Top Performers: Who Needs Them?  You Do.

Most would say that it is common knowledge teams need top players to compete and be the best.  This is true of business as well.  Businesses perform as well as the people within them are able to drive success.  However, there may be a challenge keeping these top performers from leaving your company. Top performers are typically more driven by success.  The more a top performer feels connected to a company through a clear understanding of opportunities and growth, the better.  In his book, How to Hire A-Players: Finding the Top People for Your Team – Even if You Don’t Have a Recruiting Department, Herrenkohl talks about providing this connected feeling through leadership vision and clarity of role within a company (Herrenkohl, 2010).  Consider a sports team.  When the team understands the coach’s vision, it makes it much easier for individuals and the team to apply their skills in support.  This also allows a coach to help align a player’s talents to the vision, thus providing clarity around where the player fits within the team.

Some caution should be applied to always wanting top performers.  While the world would be great if everyone was a top performer, we are in a world of competition and comparisons. If you have a small team of top performers and you rank their value, you may consider the lowest performer to be replaceable. This could be a valid and justified action, but you may also find the person is a top performer in their given area once you compare with the market. I have observed top talent released from companies that follow the ‘forced curve’ for rating performance.  Incredibly talented people were released from the company only to find the replacement was a lower performer. One company even included a practice of releasing a percentage of top performers to ensure they did not get too comfortable in their position and lose energy.  The environment created was one of constant pressure to try and understand what it meant to be a top performer.

If you follow the teachings of Jack Welch, former CEO of General Electric, you would follow the 20/70/10 rule and shower your top performers with affection and various financial rewards (Murray, 2010). This way you keep your top performers motivated through incentives and rewards. These rewards should also include recognition like awards, promotions, etc.  More than once I have heard people say that money is not the typical reason for leaving a job, so it makes sense to ensure top performers are supported by an environment that promotes career and acknowledgement.

Ultimately everyone wants top performers and you need them.  It is very likely that your business will achieve greater success with staff that is capable of doing more than average.  The key is ensuring you are designing a company that will attract and retain these top performers. Just like picking players for a sports team, you want players that you don’t pick to be disappointed versus the alternative.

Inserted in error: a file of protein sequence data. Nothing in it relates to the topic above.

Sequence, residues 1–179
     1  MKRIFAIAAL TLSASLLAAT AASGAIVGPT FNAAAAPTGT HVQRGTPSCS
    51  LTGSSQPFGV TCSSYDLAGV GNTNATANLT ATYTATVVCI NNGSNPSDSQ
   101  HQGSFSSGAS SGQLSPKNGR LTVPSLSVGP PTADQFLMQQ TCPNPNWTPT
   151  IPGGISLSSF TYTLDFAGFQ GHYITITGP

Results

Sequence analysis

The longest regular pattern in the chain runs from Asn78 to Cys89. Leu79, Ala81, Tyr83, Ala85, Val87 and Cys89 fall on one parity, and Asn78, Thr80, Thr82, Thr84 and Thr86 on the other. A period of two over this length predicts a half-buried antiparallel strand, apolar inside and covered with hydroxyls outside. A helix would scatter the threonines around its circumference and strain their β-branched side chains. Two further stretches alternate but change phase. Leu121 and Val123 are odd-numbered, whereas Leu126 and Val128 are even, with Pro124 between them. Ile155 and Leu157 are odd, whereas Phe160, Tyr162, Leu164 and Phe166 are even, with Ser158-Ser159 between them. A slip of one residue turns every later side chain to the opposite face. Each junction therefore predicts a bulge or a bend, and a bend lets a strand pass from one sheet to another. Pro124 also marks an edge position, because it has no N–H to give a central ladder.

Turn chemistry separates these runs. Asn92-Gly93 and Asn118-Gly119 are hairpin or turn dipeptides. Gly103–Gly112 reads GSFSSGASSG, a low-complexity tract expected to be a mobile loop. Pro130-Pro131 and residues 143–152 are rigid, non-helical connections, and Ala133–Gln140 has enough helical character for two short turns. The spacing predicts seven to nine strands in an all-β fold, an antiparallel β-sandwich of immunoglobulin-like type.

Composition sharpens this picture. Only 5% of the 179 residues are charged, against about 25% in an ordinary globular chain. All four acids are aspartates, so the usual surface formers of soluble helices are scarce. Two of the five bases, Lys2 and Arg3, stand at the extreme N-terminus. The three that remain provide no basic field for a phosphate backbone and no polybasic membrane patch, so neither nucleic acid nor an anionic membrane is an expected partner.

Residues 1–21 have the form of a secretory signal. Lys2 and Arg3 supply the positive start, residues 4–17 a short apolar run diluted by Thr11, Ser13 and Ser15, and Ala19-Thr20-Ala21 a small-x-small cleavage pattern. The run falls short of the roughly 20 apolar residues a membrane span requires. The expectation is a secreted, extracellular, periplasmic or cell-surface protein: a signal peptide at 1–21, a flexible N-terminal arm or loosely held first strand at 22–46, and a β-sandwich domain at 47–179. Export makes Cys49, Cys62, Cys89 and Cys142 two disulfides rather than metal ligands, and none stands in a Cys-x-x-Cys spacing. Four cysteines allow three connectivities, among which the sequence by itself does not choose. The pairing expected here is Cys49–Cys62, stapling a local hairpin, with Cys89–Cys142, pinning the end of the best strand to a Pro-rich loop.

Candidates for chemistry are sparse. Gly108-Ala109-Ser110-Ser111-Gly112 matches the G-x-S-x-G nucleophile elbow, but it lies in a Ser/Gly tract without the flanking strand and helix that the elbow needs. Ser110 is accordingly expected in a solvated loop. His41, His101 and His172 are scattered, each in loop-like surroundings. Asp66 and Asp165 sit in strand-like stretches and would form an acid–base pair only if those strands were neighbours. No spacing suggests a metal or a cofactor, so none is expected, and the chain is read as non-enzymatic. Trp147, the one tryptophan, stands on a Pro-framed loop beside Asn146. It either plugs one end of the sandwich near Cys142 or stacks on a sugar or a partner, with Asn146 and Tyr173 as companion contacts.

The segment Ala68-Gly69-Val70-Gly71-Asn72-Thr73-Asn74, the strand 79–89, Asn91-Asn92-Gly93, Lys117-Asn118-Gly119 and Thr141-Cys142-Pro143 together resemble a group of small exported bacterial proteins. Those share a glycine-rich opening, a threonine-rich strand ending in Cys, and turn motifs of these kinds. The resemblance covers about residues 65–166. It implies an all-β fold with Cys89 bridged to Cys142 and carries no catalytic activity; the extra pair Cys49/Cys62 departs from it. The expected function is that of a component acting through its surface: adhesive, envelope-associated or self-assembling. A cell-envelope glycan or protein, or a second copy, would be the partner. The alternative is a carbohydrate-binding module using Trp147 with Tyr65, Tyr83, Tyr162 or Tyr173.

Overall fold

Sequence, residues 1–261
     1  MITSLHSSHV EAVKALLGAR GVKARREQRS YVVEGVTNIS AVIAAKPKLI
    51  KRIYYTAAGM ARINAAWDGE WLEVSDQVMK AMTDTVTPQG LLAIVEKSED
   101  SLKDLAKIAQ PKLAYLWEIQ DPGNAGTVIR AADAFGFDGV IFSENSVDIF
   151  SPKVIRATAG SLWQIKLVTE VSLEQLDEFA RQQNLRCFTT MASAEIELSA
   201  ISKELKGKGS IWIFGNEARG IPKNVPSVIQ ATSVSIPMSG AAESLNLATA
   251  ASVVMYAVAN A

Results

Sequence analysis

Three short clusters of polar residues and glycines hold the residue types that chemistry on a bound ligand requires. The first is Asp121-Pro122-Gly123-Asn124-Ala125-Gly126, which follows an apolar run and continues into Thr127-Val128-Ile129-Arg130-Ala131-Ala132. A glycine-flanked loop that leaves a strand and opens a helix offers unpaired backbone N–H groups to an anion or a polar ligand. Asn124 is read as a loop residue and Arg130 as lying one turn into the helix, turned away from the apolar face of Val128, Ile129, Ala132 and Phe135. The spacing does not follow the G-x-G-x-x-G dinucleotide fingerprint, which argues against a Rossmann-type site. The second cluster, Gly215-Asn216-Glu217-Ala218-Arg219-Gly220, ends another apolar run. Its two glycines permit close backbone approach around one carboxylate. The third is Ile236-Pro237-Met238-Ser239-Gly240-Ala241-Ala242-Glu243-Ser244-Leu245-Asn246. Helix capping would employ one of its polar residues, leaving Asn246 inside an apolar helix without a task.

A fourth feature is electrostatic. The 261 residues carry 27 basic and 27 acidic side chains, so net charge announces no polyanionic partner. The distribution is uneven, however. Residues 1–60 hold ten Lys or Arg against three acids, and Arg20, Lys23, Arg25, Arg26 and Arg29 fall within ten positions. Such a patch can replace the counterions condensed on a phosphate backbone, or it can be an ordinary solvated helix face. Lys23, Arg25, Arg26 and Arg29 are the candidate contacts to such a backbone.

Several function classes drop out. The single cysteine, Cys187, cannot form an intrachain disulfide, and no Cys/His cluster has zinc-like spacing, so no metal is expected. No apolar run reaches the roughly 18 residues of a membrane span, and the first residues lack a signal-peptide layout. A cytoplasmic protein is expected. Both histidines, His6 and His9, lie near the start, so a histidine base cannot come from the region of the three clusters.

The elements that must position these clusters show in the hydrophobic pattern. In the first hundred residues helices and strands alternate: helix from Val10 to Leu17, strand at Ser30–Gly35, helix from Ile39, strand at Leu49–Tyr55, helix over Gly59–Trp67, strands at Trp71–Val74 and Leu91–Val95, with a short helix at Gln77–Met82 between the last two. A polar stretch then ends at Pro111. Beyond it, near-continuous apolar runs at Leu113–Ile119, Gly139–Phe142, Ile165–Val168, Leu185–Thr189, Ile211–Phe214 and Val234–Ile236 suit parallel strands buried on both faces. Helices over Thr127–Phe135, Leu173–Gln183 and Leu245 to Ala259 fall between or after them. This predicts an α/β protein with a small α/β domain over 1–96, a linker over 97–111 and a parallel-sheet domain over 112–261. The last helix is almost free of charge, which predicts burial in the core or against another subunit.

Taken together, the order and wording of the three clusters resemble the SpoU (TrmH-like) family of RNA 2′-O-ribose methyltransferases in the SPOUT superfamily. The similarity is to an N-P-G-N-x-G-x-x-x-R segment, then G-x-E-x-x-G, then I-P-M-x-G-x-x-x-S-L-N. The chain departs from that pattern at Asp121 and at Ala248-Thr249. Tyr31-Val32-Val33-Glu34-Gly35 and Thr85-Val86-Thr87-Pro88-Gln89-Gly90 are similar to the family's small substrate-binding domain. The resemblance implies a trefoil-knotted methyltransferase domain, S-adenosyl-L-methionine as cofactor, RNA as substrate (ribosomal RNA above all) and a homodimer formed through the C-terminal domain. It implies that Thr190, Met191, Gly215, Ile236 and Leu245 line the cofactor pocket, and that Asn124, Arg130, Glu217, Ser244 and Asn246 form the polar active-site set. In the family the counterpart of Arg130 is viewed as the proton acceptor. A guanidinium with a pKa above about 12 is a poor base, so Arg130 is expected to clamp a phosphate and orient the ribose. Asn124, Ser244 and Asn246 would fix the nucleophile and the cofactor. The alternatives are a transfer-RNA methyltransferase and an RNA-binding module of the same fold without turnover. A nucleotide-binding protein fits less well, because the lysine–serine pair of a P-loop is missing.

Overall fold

References

Herrenkohl Eric. (2010). How to Hire A-Players: Finding the Top People for Your Team – Even if You Don’t Have a Recruiting Department. Wiley.

Murray, Alan. (2010). The Wall Street Journal. Essential Guide to Management.  HarperCollins Publishers

2 thoughts on “Top Performers: Who Needs Them?  You Do.”

  1. Hi Tony,

    I think having a team of top performers can be a good thing if everyone brings different, but complementary hard skills and compatible temperaments. I once worked for a startup database marketing company and everyone one on the team was a top performer in their own right. Working together, we grew the company quickly.

    The founder, however, was reluctant to give up control. While many of us had significant stock options designed to keep us with the firm, the founder’s insistence on making decisions that affected the company without engaging the employee board ultimately led to the company’s demise.

    So, hiring a team of A-Players is smart. But as a founder, you have to be willing to listen to their input and occasionally abide by their experiences. When growing a startup the phrase, “Many hands make light work,” definitely holds true.

  2. I agree that companies want to have top performance employees to stay at their company and are being rewarded. These top performers do tend to stay in the company for many years but, what happens when they get old? Top performers will grow into the routine of how it has always been and follow routines. Lower performers should also get some type of incentive so they can also help the company progress. Usually, the lower performance would be the new people but just because they are new does not mean they will do bad. They will be the ones with new fresh ideas and if they are younger they would know how to appeal to the younger people.

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